We started with the largest slab of foie gras parfait I’ve ever faced, and doubts about my ability to finish it were quickly dispelled via warm toasted brioche and fig chutney. This was paired with the Dow’s 20 Year Old Tawny Port (see below for tasting notes), a sublimely decadent treat.

Next was an autumnal Wicklow venison with beetroot, Roscoff onion, chanterelles and blackberries, a hearty and lusciously savoury dish paired excellently with the Quinta do Vesuvio DOC Douro (again see below for tasting notes), a dense wine that shared many of the characteristics of the dish.

The final course, a selection of cheeses, was to be paired with the flight of Ports about to be presented to us. But first, there was the matter of opening that bottle of 1916.

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… into the Fire

The moment arrived for the grand opening of this piece of history. There were no markings on the bottle, apart from a barely legible “1916” imprinted into the cork. But the corks on these antique bottles are now so brittle that corkscrews would easily disintegrate them – how then to access the ancient liquid inside?

The answer, as befitting the occasion, was quite dramatic. A pair of long-handled tongs was heated over a gas burner (with great patience!) by Nigel Werner, the Tindals Director of Fine Wine. Once red-hot, they were clamped around the neck of the bottle for a short while, before quickly being replaced by a cloth soaked in iced water.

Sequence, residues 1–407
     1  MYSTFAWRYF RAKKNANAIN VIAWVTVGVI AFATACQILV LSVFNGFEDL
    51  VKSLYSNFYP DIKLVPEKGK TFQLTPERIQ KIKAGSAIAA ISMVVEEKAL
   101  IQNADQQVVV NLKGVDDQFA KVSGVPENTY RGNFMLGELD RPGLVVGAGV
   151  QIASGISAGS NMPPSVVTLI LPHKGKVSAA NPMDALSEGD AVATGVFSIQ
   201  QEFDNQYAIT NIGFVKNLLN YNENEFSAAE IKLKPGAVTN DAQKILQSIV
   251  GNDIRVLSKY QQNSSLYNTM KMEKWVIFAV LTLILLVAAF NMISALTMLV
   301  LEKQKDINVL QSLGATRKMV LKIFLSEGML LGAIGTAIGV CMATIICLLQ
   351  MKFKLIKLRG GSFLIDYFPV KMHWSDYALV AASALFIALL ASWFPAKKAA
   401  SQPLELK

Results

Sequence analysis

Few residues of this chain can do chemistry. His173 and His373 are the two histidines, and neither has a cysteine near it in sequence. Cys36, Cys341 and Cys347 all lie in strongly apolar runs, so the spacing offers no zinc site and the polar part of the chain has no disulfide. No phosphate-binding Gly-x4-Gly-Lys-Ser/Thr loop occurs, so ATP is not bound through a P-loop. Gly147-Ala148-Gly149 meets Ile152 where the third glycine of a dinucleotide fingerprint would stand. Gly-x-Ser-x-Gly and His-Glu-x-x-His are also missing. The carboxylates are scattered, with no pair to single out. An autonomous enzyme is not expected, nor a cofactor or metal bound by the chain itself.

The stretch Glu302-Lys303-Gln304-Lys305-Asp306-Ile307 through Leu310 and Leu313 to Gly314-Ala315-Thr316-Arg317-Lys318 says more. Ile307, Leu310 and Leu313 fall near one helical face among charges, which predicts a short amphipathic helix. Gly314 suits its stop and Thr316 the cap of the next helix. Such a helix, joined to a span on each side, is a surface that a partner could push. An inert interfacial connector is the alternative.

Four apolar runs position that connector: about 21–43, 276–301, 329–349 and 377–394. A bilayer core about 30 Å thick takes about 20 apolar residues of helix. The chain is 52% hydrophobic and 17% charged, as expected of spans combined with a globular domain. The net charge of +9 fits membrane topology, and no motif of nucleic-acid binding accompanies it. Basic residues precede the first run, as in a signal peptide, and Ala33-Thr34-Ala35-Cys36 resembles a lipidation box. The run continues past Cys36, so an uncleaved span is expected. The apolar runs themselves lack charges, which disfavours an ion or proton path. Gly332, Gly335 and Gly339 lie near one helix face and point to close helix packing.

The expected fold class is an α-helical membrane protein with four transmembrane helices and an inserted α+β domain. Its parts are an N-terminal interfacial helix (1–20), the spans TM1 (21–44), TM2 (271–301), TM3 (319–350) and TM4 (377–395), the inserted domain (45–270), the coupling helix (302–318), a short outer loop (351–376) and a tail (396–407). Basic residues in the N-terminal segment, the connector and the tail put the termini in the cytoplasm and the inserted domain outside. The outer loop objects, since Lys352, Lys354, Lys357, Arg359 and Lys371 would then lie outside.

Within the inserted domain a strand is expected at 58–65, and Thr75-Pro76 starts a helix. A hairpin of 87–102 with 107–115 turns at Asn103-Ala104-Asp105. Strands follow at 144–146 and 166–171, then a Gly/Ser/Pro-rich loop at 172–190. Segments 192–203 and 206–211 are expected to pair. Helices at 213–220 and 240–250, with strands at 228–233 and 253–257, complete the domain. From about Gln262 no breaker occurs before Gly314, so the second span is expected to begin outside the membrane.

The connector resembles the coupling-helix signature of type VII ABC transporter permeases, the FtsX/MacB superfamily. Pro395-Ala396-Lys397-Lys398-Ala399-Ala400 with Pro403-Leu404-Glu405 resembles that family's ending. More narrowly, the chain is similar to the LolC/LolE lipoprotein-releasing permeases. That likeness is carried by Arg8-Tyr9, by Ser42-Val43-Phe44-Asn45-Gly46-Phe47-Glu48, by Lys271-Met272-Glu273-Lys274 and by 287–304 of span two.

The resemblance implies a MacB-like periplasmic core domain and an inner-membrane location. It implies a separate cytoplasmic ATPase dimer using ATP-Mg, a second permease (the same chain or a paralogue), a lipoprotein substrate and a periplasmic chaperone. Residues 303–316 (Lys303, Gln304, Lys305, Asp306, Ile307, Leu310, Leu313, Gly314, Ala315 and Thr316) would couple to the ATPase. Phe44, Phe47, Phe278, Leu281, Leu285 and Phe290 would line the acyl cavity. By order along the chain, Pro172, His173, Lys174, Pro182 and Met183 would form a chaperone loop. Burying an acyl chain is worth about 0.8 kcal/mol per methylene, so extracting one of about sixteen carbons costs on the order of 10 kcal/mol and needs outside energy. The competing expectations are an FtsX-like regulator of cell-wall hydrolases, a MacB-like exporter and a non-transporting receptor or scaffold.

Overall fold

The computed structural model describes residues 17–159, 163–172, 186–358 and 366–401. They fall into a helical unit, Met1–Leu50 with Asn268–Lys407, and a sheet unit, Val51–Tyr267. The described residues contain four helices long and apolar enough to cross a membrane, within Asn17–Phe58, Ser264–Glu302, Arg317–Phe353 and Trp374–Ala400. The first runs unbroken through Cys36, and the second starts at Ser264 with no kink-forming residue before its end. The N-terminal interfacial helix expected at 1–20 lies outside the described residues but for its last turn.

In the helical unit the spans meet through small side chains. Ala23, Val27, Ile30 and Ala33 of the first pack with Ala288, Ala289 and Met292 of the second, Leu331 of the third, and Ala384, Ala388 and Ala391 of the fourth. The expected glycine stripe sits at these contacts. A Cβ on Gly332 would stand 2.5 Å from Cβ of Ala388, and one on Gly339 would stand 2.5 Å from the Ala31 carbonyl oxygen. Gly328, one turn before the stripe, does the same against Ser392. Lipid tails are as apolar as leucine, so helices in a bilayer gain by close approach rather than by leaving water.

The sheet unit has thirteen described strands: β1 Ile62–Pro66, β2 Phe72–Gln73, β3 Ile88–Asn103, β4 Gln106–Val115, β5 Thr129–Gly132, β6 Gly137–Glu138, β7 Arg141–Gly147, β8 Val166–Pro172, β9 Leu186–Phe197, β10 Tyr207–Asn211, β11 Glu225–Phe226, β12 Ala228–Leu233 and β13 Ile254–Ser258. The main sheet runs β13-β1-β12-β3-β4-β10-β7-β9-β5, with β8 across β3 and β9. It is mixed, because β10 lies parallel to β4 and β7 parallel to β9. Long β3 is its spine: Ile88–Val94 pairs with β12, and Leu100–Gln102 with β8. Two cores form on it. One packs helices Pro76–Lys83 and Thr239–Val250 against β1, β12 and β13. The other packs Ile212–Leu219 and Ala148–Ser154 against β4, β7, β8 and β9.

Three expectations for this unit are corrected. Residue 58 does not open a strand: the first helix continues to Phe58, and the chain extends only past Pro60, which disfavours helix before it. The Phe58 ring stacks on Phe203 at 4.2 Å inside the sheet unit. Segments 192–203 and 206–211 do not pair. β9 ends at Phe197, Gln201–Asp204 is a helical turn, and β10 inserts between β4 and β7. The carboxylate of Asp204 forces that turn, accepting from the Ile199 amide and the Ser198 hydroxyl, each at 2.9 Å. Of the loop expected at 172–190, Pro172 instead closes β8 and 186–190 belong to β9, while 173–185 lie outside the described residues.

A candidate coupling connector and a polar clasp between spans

The sudden change in temperature splits the neck of the bottle in a razor-sharp, clean line, with no shards or splinters to worry about. It’s quite a sight to behold.

Tasting The Past: The 100 Year Old Port

Now opened, we were each treated to a not insignificant measure of this rarity, a 100-year-old wine. Though everyone present was grateful for the chance to witness its release from its century-old tomb, not many held too much hope for a successful end product: it was stored upright all that time and not exactly in cellar-like conditions, so the odds were definitely stacked against it.

The liquid that poured from the neck of the unlabeled bottle into my glass was a pale tawny in colour and tasted … well it tasted really quite excellent, actually. In fact it was really delicious. The air in the room changed perceptibly as everyone else realised that they had, as the American saying goes, “lucked out”.

The 1916 Dow’s Port was light and ethereal, round and long, with coffee, toffee and pipe smoke flavours. Johnny noted that it was quite feminine in style, in contrast to the more concentrated Vintage Ports we’re used to today. It was an experiential treat, and one surely to be unrivaled.